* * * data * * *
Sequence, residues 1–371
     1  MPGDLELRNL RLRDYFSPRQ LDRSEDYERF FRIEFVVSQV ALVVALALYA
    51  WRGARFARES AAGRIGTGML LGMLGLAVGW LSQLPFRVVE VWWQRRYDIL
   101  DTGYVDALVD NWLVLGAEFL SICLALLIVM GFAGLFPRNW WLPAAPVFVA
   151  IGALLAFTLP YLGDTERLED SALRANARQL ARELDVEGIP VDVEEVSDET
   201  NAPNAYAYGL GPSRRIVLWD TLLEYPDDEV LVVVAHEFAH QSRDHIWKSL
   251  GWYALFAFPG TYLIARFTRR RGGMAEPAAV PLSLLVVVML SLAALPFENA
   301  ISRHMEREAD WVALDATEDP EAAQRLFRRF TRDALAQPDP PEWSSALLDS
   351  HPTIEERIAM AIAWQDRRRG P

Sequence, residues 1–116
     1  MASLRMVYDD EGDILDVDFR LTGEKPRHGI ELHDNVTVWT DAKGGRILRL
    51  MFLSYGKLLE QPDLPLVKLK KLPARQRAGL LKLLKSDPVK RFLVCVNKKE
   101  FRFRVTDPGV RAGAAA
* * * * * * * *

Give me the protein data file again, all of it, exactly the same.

Sequence, residues 1–371
     1  MPGDLELRNL RLRDYFSPRQ LDRSEDYERF FRIEFVVSQV ALVVALALYA
    51  WRGARFARES AAGRIGTGML LGMLGLAVGW LSQLPFRVVE VWWQRRYDIL
   101  DTGYVDALVD NWLVLGAEFL SICLALLIVM GFAGLFPRNW WLPAAPVFVA
   151  IGALLAFTLP YLGDTERLED SALRANARQL ARELDVEGIP VDVEEVSDET
   201  NAPNAYAYGL GPSRRIVLWD TLLEYPDDEV LVVVAHEFAH QSRDHIWKSL
   251  GWYALFAFPG TYLIARFTRR RGGMAEPAAV PLSLLVVVML SLAALPFENA
   301  ISRHMEREAD WVALDATEDP EAAQRLFRRF TRDALAQPDP PEWSSALLDS
   351  HPTIEERIAM AIAWQDRRRG P

Sequence, residues 1–116
     1  MASLRMVYDD EGDILDVDFR LTGEKPRHGI ELHDNVTVWT DAKGGRILRL
    51  MFLSYGKLLE QPDLPLVKLK KLPARQRAGL LKLLKSDPVK RFLVCVNKKE
   101  FRFRVTDPGV RAGAAA